Thoughts for the Week

Posts tagged ‘demon possession’

Out of the Darkness

(Mark 1:21-28)

I strolled down the dusty street toward the synagogue. I relished the fact that I could usually slip in undetected. The Pharisees there were so focused on their petty laws.

Hey, I gave my tenth regularly, and hadn’t needed to give a guilt offering for some time. They couldn’t touch me. I was one of the richest, most powerful men in all of Capernaum, maybe even in Galilee.

I smirked when I remembered the time I booted an older teacher out because he kept nagging me about my attitude. I got the town on my side, and sent him packing.  A week later, I was delighted when I discovered he had been attacked and killed by robbers.

The crowd was larger than usual. We had traveling rabbis, and there must have been a popular one visiting this week. But as I slipped in, I saw the teacher. I didn’t know the man, but something deep in my gut churned. Something wasn’t right. I instantly broke into a sweat.

I was confused. Going to the synagogue never made me nervous. But something about this common-looking man made me feel as if I was sitting on a bed of nails.

“So, who’s our rabbi this week? “I casually whispered to my neighbor.

“I heard he’s a carpenter from Nazareth.”

Ha, Nazareth? I’ve got nothing to fear then. Nothing good comes from Nazareth. 

“But you’ve missed a lot. He’s talking about  the law and with such authority! I’ve never heard anyone like Jesus.”

Jesus? That’s the scruffy carpenter’s name? At that moment, Jesus stopped speaking and looked directly at me. His flashing eyes pierced me deeply. My mirth evaporated into horror. My head pounded and my feet twitched. Everything in me wanted to run. What’s going on?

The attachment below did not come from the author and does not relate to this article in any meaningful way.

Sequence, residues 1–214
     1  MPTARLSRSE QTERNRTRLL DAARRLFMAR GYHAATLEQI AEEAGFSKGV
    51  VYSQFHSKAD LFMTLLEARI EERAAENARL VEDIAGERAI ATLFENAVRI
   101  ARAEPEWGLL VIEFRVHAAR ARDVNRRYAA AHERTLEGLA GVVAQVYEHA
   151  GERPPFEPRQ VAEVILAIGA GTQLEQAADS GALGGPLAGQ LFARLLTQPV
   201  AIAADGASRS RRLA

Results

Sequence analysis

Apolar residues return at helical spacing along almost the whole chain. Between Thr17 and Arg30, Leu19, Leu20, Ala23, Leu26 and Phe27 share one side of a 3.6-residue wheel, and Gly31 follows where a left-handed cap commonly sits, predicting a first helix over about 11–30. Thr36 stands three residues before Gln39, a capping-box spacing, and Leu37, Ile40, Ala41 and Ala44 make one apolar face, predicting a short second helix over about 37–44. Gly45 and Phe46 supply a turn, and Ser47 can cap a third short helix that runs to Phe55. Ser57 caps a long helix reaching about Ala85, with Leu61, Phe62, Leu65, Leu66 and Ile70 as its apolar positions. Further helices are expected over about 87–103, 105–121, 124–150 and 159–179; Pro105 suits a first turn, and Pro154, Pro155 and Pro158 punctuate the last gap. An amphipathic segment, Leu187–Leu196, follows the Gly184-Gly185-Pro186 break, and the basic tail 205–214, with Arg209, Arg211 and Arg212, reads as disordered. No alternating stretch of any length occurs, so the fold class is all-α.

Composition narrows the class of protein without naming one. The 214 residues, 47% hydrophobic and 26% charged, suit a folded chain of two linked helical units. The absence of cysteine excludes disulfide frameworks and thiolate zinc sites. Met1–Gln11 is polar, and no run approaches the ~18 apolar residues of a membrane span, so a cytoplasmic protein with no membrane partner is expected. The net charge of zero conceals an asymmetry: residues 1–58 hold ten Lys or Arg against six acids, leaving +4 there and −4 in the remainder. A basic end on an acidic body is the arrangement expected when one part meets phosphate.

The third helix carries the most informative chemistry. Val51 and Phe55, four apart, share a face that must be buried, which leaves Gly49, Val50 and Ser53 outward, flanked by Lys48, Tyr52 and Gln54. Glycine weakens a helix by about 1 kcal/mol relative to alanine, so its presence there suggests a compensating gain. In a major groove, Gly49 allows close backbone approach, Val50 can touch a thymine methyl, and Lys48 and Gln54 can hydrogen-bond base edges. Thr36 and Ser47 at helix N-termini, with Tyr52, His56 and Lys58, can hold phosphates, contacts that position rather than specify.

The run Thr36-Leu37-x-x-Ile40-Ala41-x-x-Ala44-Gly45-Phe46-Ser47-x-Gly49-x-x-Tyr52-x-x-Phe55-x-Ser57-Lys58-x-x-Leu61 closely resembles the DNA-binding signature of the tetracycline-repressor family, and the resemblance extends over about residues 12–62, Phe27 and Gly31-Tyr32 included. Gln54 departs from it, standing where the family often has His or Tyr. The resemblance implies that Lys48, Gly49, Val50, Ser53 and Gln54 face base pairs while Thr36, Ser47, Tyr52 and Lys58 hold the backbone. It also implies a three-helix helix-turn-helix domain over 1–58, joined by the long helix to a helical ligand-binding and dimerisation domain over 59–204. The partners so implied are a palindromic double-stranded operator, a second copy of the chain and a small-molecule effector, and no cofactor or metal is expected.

Before I knew what was happening, he was up and walking toward me. Something inside me screamed. I suddenly couldn’t breathe right. The scream reached my lips, and created angry, guttural words.

“It’s you! What are you doing here?”

I tried to stop, but I wasn’t speaking. Something else was inside. Fear gripped me, and my body trembled. Everyone in the synagogue pulled back in shock and everyone went quiet. The voice speaking through me continued.

“What do you want with us, Jesus of Nazareth? Have you come to destroy us?”

I fell to my knees, and my whole body was wracked with pain. It was if a violent storm raged inside of me, battering me from the inside out.

“I know who you are–the Holy One of God!”

Jesus stepped closer. “Be quiet!” He called. My throat suddenly clamped shut. He still held that piercing gaze. But I could tell he was not looking at me, but deep inside of me.

“Come out of him! Now!”

In that moment, I had never felt such searing pain in my life. It felt as if my heart and spine were being rent in two. I struggled to stay upright, my body quaking. That terrifying voice was screaming; it strained and it clung like claws digging into my chest.

With one final shriek, the thing inside of me let go. It fell away like a stone, a dead snake. My lungs filled with sweet air. The last thing I remembered is falling, and someone catching me.


“Jesus, are you sure you want to be that close?”

I was aware of someone’s hand on my forehead, the other on my shoulder. I awoke to find Jesus kneeling next to me in the dust. Looking at me with those eyes. The eyes that had been so terrifying, so piercing, were now so soft.

His rough hand on my head eased my tattered thoughts. The entire synagogue had formed a wide circle around me, except for this man.

A friend of Jesus approached him, “Jesus, I think you should move–“

“It’s okay Peter.”

He helped me sit up. “You’re going to be all right.”

Tears flowed freely. This darkness inside of me was gone. I hadn’t noticed it until it had vanished. My heart felt ten times lighter. I looked into Jesus’ soft eyes. “What happened?” I sniffed.

“You had let your heart serve a cruel master. You are free now. But you will fall back unless you let me be your master.”

I said yes. The darkness was gone forever, now replaced with clear, fresh, perfect light.

Copyright 2012 by Molly Anderson. Use by permission only.

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